Animosity towards Muslims has existed in the U.S. since 9/11 and intensified with the rise of ISIS. However, this hostility and persecution took an official form with the election of President Trump and the subsequent Muslim travel ban.
Yet, despite the seeming surge of hatred, America is still a beautiful, diverse, and multi-cultural country laden with amazing places to visit! It is also home to many Muslims (myself included!) who live across the country. So from a Muslim American himself, here are 8 reasons why you shouldn’t be afraid to travel to the United States of America🤗
1. Americans are some of the friendliest people on Earth
“Why are Americans always smiling?”
I’ve heard this question more than once from my non-American friends who have traveled around the U.S. They hailed Americans for being some of the nicest and most welcoming people they ever met. For example, when someone asks you "How has your day been?", they ask because they genuinely want to know.
Credit: Thomas Hawk on Flickr There may be racists who spew hatred at Muslims wearing the hijab but be rest assured that they are a minority! In fact, I have a best friend who lives in a small, white town in Indiana—a reputably redneck, Republican state. I visit her
often and as a young, male Muslim, I have encountered nothing warmth and hospitality from her family and friends, despite clearly not being a white Christian, as evident by both my name and my dark-tan skin color 🙈
Ultimately, go to the US with an open mind. Wear a big smile and greet others with a nice hello or howdy! You’ll find that even in the Bible Belt of America, southern hospitality trumps bigotry☺️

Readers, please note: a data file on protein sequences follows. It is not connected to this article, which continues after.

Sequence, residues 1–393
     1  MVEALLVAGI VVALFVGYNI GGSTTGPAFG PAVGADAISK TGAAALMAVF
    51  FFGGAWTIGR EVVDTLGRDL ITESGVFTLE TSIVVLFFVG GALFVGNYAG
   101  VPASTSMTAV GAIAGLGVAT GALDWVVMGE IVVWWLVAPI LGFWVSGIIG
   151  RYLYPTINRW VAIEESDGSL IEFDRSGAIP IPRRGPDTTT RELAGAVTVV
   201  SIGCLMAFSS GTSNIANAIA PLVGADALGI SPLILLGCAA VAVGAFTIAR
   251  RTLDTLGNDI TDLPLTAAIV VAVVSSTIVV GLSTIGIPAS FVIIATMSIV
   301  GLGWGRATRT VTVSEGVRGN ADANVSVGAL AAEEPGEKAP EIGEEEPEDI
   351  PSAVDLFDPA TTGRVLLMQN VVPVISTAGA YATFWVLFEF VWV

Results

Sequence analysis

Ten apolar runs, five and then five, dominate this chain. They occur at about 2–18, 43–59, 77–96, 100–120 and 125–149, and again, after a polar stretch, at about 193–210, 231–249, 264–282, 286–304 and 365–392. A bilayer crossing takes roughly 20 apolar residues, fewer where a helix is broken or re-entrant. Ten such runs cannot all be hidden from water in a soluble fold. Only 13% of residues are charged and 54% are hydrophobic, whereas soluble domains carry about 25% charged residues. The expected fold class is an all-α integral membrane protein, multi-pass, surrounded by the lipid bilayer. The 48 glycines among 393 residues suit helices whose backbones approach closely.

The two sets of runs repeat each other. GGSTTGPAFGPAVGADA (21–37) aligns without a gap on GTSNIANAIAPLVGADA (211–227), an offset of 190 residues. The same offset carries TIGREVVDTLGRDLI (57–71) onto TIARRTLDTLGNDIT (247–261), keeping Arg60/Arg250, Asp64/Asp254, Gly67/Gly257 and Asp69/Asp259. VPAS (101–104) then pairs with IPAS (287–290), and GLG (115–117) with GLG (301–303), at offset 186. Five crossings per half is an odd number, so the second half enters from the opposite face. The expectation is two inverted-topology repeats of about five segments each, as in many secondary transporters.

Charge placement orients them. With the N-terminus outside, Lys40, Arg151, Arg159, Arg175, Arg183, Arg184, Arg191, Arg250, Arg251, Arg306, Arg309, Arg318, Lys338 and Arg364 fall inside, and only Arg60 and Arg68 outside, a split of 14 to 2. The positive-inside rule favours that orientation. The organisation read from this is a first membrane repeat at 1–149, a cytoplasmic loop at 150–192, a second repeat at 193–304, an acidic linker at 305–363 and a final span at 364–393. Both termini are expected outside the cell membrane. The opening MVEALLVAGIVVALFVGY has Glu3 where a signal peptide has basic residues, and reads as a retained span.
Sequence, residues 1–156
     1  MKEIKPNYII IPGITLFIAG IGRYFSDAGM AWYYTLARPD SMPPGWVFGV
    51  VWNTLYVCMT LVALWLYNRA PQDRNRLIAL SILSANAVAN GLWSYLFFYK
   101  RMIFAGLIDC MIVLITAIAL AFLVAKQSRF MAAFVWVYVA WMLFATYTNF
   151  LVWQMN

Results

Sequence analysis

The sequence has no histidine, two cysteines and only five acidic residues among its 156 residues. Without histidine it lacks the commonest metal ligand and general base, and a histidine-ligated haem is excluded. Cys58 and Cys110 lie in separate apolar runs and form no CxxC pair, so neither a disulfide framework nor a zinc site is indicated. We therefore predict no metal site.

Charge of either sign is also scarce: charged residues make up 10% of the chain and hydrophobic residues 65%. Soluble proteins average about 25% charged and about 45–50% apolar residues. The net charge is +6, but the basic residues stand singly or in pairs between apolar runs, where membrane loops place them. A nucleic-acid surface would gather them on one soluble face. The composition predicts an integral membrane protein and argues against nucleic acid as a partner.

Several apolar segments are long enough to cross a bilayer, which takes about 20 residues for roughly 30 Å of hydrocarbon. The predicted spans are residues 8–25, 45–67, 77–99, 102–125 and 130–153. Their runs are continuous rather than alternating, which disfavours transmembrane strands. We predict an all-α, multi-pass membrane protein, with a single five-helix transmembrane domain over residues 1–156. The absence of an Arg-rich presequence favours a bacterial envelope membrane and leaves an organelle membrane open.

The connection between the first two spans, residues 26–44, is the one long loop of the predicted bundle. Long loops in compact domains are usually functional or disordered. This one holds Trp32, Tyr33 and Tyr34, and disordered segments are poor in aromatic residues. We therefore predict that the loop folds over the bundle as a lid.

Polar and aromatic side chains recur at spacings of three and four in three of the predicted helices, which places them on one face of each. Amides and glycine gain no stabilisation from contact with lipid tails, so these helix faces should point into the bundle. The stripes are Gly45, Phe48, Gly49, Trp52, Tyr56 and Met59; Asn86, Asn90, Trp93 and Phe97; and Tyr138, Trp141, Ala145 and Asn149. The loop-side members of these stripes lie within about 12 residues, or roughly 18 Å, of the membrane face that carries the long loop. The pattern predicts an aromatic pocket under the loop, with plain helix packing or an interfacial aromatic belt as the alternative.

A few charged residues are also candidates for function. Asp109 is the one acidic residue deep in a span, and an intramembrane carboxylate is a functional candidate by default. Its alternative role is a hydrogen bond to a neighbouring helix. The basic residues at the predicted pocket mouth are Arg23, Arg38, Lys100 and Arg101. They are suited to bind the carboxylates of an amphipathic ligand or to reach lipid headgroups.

2. There are millions of Muslims living all over America
It’s very easy to develop a skewed impression of a country from what we see on the media. We do it every day - we see frequent drug-related violence in Mexico or Colombia and assume that they are representative of the country, we hear stories of pick-pocketing in Italy and assume that the whole country is fraught with thieves. Similarly, we read stories about hate crimes against Muslims in the U.S. and assume that the country is dangerous for Muslims as a whole.
Credit: @lsarsour on Instagram But what we need to consider is that there are 3.3 million Muslims living all across the country (not just in major cities) and they go about their day to day lives, coexisting with their Christian, white neighbors. Yet, you never
see that part on the news!
Trust me when I tell you that in reality, there are many Muslim communities who live alongside their neighbors in peace and harmony. So unless you head to the most rural part of Utah (there really isn’t anything interesting to see there anyway), chances are there is a Muslim population who lives close by 😉